On his first day in the new position, which was confirmed at the BCCI’s annual general meeting in Mumbai on Tuesday, Binny said he wanted to “get to the bottom of it all” when it comes to injuries, and figure out ways of reducing them as a matter of priority.
“We will look to improve on what we can do to reduce the injuries to players,” Binny said in an informal chat with members of the media. “Players getting frequently injured is a concern, and we wish to get to the bottom of it all and see how it can be changed for the better.
“We have excellent doctors and trainers at the National Cricket Academy [in Bengaluru], but we must look to reduce the injuries and improve recovery.”
Other than dealing with the issue of player injuries, Binny stressed on the importance of improving pitches used for domestic cricket in India. “There needs to be more life in the wickets at home, so that our teams would not have the problem of adjusting when travelling abroad – like in Australia, where there is more pace and bounce.”
At 67, Binny is eligible for one term – that is, three years – as BCCI president, keeping in mind the age cap of 70 meant for administrators and office bearers in the BCCI constitution. Part of Kapil Dev’s World Cup-winning Indian team of 1983, where he was the tournament’s highest wicket-taker, Binny moved into coaching, served as a national selector, and also as Karnataka State Cricket Association administrator before becoming the BCCI chief.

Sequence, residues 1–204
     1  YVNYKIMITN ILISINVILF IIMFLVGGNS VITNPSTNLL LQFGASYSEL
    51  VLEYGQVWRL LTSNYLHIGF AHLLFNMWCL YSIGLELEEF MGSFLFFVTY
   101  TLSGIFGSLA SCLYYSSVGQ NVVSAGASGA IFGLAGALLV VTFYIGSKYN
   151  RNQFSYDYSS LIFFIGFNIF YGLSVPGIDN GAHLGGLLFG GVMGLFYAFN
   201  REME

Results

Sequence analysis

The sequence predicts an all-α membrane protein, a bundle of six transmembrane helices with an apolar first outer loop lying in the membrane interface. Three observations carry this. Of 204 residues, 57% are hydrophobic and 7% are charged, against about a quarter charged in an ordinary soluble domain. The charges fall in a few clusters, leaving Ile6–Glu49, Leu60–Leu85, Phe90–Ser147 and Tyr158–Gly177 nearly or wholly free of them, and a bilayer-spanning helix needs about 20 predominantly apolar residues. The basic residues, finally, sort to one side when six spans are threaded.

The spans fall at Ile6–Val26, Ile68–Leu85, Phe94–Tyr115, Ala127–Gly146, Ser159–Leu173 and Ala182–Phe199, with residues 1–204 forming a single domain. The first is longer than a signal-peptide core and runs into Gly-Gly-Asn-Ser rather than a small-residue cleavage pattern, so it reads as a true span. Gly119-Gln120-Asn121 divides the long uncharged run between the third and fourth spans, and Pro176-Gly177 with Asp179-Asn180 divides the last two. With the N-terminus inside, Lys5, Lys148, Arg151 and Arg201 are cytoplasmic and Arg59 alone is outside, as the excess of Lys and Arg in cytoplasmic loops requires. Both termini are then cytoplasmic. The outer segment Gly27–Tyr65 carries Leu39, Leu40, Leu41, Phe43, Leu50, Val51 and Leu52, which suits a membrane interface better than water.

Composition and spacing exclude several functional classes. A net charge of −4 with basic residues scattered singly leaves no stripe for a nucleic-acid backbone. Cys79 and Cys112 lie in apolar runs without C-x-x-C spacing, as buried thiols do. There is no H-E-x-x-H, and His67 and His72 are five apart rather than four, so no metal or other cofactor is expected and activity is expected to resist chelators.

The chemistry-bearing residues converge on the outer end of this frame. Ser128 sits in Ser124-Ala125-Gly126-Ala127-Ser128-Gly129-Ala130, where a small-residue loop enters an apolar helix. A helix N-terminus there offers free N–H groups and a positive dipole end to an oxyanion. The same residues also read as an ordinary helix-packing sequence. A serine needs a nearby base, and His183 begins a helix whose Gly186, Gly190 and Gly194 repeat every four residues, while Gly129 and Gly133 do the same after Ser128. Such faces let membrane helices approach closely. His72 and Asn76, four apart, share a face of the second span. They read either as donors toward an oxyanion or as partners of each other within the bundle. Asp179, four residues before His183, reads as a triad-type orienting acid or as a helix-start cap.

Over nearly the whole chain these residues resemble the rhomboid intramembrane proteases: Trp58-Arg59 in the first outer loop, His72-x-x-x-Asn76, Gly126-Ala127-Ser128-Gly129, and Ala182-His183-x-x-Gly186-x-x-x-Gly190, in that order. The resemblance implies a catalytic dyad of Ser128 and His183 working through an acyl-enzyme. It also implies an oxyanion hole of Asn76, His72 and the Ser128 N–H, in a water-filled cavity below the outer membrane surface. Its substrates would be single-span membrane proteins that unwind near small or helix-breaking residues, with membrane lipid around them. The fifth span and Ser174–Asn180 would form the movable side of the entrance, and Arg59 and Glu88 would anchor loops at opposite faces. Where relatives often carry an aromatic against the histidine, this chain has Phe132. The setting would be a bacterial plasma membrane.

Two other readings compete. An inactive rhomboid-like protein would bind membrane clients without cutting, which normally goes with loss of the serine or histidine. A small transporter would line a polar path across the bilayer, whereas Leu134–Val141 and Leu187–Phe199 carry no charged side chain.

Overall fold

Meanwhile, the BCCI formally approved the women’s IPL, and authorised the office bearers to formalise its due processes. It also authorised the office bearers to decide on the BCCI representative to the ICC, and announced that the Apex Council would elect the cricket advisory committee and the next selection committee.
The office bearers have also been tasked with improving the fan experience at matches by improving the stadium infrastructure across the country.